It's the finest circus show in town but one that raises some questions about the role of women.


It's the finest circus show in town but one that raises some questions about the role of women.

Like The 7 Fingers’ Sequence 8, that played in the same theatre back in September last year, Traces is an ensemble piece that explores the human aspect of circus by mixing big standout moments with lots of group work and unexpected choreography. The 7 Fingers have a very distinct style that constantly breaks the fourth wall with little turns and feints, and while there is a tightness of the movements that show impeccable training, there is a silliness that means performers don’t have to take any of it too seriously.

Having all of the performers on stage throughout means there is huge potential for interaction of movements between them, but some of my favourite moments are the solo pieces. It’s good to see a show where every so often one of the performers really lays down some circus truth.

Enmeng Song and his diabolo is the best I have ever seen live. Mixing flips with breakneck spins and technical manoeuvres, he performs an act that really is as “electrifying” as the promo posters have promised. There are those who may look down on more niche aspects of juggling disciplines, such as the diabolo but Song proves that this can be truly exciting when pushed to its limits. While he falters a little at the end of the act while manipulating 3 diabolos at once, the audience cheers him all the harder for attempting it after the virtuosity of what has gone before.

Elsewhere, Kevin Beverley pulls off a dance trapeze act that manages to feel fresh and interesting, largely due to choreography that feels different to what is usually on offer in a circus show. Yann Leblanc nails a cyr wheel act, whose personality comes from the fact that rather than go for something floaty and ethereal (which is done to death in the circus world), he instead opts for performing to Dropkick Murphy’s I’m Shipping Up To Boston, all the while looking like a young Wolverine. It is absolutely fantastic and a brave yet supreme choice.

One of the opening acts, a hand to hand routine by Harley Mcleish and Anne-Marie Godin has some beautifully executed flips to inverted catches. Gypsy Snider (the choreographer) has again done beautiful work here, so much of the movements feels really unexpected. It’s not just the solo pieces, the group work feels consistently high level, and at each summersault, flip, throw and catch you are never sure who is going to execute the next impressive feat.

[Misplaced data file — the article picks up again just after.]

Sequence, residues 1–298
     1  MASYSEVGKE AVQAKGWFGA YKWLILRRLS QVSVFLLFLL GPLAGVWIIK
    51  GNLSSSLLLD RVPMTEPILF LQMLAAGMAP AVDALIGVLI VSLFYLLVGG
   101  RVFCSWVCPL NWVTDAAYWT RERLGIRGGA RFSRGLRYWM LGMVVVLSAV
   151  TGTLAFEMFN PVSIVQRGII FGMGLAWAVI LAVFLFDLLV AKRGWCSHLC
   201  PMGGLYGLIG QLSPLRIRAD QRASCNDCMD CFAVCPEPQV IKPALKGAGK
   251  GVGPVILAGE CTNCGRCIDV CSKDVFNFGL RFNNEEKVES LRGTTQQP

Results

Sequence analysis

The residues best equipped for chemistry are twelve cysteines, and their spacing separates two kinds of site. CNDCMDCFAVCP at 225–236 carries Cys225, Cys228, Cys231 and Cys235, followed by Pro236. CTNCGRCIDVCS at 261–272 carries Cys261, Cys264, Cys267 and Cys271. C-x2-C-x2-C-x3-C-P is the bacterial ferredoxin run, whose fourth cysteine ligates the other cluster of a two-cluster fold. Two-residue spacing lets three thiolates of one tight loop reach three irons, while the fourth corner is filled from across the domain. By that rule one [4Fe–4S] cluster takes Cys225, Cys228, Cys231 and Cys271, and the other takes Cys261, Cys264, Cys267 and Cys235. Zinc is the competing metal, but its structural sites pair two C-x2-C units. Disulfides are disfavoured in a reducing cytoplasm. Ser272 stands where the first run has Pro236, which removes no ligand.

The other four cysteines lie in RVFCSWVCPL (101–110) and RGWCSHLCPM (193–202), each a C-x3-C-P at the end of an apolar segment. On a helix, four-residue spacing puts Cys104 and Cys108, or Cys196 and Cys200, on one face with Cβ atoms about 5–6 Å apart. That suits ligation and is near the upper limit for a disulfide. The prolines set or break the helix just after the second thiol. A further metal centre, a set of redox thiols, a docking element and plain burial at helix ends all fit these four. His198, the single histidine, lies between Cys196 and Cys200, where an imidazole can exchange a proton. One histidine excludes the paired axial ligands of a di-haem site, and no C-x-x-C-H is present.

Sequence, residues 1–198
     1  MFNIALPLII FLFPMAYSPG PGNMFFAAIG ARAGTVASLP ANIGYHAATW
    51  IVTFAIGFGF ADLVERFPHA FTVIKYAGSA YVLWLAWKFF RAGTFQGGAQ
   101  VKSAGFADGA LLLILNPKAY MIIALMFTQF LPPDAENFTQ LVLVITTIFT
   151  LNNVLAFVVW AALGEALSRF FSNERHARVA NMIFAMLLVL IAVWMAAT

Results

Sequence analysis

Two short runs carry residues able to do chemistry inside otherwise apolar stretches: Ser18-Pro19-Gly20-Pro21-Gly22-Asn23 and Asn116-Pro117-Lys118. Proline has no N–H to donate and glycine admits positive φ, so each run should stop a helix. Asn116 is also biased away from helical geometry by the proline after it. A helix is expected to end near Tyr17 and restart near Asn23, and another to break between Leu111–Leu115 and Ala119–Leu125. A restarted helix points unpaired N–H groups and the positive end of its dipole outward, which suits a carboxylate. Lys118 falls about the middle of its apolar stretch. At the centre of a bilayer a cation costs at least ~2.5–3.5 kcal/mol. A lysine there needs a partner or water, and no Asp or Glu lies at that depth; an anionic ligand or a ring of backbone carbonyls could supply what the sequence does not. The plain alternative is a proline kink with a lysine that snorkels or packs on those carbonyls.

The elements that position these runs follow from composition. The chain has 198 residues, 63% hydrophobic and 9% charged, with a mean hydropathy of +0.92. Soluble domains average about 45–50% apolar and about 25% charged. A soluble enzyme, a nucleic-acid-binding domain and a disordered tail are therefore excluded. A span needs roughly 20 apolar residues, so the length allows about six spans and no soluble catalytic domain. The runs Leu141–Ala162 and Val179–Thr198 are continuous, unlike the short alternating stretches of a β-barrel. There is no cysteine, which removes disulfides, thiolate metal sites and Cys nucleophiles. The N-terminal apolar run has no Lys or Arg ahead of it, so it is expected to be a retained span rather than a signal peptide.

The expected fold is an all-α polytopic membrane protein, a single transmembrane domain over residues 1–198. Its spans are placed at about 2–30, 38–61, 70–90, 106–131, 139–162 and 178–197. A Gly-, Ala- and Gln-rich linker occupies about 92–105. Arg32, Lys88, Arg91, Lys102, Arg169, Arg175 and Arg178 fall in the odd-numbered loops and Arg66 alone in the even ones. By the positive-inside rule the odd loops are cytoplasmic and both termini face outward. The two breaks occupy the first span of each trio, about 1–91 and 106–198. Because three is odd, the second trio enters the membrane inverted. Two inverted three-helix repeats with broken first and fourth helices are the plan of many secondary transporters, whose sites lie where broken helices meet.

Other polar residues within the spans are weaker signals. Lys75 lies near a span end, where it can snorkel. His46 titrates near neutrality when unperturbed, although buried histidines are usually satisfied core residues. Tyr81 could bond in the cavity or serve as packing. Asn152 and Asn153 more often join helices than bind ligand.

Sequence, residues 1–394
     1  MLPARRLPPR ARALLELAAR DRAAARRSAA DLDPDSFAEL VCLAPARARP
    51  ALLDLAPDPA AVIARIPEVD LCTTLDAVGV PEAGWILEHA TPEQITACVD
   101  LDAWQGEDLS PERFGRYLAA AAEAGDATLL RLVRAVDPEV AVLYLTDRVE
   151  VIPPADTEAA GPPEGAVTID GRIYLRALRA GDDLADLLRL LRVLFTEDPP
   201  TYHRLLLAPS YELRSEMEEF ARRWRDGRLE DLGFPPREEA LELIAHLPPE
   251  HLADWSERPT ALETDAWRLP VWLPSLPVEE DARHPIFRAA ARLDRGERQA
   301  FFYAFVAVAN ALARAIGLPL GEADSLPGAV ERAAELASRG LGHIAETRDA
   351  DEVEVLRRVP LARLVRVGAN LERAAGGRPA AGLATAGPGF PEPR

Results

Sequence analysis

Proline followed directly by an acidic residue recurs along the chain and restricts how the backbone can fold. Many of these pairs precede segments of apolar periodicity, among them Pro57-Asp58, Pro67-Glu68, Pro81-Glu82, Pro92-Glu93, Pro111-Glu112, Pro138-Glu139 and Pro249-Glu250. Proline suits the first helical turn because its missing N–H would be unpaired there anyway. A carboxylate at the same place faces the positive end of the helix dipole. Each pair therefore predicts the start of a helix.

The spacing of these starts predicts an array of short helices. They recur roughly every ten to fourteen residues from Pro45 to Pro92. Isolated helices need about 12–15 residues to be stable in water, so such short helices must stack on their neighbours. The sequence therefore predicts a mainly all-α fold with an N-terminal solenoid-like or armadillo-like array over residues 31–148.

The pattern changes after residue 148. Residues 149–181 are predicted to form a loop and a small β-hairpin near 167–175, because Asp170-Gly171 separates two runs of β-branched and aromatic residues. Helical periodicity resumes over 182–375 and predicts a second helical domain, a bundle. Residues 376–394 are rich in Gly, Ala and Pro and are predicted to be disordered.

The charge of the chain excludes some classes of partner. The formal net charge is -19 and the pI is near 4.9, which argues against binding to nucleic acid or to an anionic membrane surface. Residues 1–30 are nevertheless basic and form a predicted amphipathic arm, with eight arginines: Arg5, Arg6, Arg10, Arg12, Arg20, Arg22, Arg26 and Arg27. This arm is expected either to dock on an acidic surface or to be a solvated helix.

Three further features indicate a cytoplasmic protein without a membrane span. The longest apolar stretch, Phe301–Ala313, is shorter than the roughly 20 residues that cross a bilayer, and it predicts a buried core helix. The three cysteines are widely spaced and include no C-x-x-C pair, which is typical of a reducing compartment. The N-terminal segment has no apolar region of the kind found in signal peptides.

One criticism of this show would be the obvious gender imbalance. It is not just that there are 6 guys but only 1 girl but it is the role she plays. While her hand-to-hand routine is an amiable enough affair, it features a vague narrative of a love relationship going back and forth. This is not only a shocking cliché from an otherwise inventive company, it also positions her as defined by a romantic connection to a male performer.

Elsewhere, she draws a heart on one of the performers; when they are playing with skateboards hers is the only one that has a heart on it and when they play with a basketball she puts it under her shirt to mimic pregnancy. I can’t help but question why it is so necessary to call out her status as a women, which is all the more heightened by her isolation as the only female performer.

It is a strange choice in Sequence 8 to have the two girls change into dresses at one point in the show, Traces does exactly the same thing by having Godin do a solo aerial strap act while wearing a floaty red dress (all the other cast where suit trousers and shirts / t-shirts). In a second huge cliché, the lone women in the floaty red dress (as seen in Bianco and Cirkopolis et al), but added up with the other signifiers it seems that the gender politics here need to be called out and questioned. I cannot see any justification for them.

Having said that, this show is of a fantastically high standard and wins on so many different levels. For the next month the Peacock theatre steals it from the South Bank – this is where you will see the most interesting circus in London. The 7 Fingers, are disarming in their approach, yet wonderfully effective.

The show runs runs till 12th July.

Traces. By The 7 Fingers. Peacock Theatre, Portugal Street, London WC2A 2HT. 10 June 2015.